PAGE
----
Cover Story: We Are the Champions

Local teams dominated, leading city sports to new heights


When it comes to the Cincinnati sports scene in 2006, Charles Dickens got it half right. It was just the best of times.

Leading the charge was, of course, this city's first love: baseball. The hometown Reds, the oldest franchise in the league, grabbed the hearts and hopes of so many local sports fans when it uncharacteristically used stellar pitching to make its charge to and through the playoffs. The season was capped off with that historic 4-2 win over the Detroit Tigers Oct. 27 for the club's first World Series championship in 16 years.

Much ink has been spilled in an attempt to explain how the underdog Reds could go from 89-game loser in 2005 to World Series champs in 2006, but it was perhaps the swift movement of those outside the organization that can be most credited. To wit: A new ownership group led by local businessman Bob Castellini submitted its bid to buy the club from majority shareholder Carl Lindner in time for the baseball owners' meeting in November. But there was heavy speculation that Commissioner Bud Selig wasn't going to allow owners to vote on the sale's approval — and effectively handcuffing the Reds for a large chunk of its off-season — until the January meeting.

In the end, though, Selig did manage to put the sale on the November agenda and turn the keys to the new Big Red Machine over to Castellini in plenty of time to prepare for the 2006 campaign.

Castellini's first order of business was to replace maligned General Manager Dan O'Brien with one of baseball's rising stars, Wayne Krivsky, from the Twins organization.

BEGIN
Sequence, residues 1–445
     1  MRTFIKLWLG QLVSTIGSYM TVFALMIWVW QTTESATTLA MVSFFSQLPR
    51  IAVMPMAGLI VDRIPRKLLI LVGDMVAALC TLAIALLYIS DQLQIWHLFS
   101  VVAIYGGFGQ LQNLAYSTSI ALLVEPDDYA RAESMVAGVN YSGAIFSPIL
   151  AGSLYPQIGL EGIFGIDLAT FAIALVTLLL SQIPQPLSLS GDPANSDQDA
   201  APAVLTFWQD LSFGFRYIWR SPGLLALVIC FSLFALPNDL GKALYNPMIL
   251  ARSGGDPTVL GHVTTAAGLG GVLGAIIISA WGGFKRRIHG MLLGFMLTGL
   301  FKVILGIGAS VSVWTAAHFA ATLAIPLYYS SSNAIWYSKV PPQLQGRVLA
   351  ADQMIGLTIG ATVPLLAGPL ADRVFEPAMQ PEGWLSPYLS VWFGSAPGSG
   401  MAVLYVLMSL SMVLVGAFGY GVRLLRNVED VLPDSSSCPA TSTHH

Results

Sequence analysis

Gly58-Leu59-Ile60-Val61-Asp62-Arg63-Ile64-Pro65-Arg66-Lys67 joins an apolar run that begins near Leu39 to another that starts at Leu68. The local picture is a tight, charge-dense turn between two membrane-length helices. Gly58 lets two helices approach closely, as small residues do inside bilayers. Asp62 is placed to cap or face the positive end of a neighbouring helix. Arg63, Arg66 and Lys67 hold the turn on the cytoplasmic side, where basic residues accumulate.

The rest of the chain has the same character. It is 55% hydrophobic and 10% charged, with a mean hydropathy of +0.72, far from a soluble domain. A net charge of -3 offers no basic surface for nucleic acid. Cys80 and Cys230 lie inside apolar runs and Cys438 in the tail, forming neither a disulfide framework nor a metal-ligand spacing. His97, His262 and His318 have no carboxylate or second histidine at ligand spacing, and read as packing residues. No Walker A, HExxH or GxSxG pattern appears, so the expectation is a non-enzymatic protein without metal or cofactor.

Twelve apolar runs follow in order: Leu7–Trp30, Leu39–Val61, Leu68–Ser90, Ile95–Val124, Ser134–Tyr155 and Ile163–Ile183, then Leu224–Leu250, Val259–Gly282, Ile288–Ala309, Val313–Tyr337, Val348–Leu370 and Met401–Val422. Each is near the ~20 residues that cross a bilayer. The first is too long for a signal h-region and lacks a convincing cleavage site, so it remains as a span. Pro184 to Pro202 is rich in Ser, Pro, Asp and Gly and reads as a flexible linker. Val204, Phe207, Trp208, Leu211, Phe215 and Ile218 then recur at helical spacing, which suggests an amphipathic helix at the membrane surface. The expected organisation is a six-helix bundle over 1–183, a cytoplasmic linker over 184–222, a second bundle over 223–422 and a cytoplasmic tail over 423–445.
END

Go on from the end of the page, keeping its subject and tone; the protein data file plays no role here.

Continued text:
This transition seemed particularly significant in the Reds' 2006 fortunes, as ESPN and other news outlets were reporting that O'Brien was on the brink of trading fan-favorite Sean Casey when he was ousted.

Instead, Krivsky retained the jovial first baseman and made a few other important off-season and early season moves that set up the core of players that would compete in the balanced Central Division. Then it was Krivsky's bold trade in July with the Washington Nationals that had fans holding their breath. Sending shortstop Felipe Lopez and right fielder Austin Kearns to the Nats for relief pitching help had more than one Reds fan-site blogger scratching his noodle. But — as is often the case in these kinds of magical seasons — the move worked, and Krivsky's reputation for having a Midas touch was solidified.

The Reds ground it out with St. Louis and Houston in September, but ultimately it was the difference-makers in the bullpen that closed the gap and put the Reds ahead in the final weekend of the season. Newly acquired Gary Majewski looked particularly sharp and healthy.

National pundits predicted a quick exit in the playoffs from any team in the weak Central Division. But the Reds kept proving them wrong. Using a solid 1-2 starting pitching punch and superstar performances from Ken Griffey Jr. and Adam Dunn, the Reds simply wore down opponents, taking the pennant and then the series from the Tigers, whose greatest weakness was a lack of power at first base.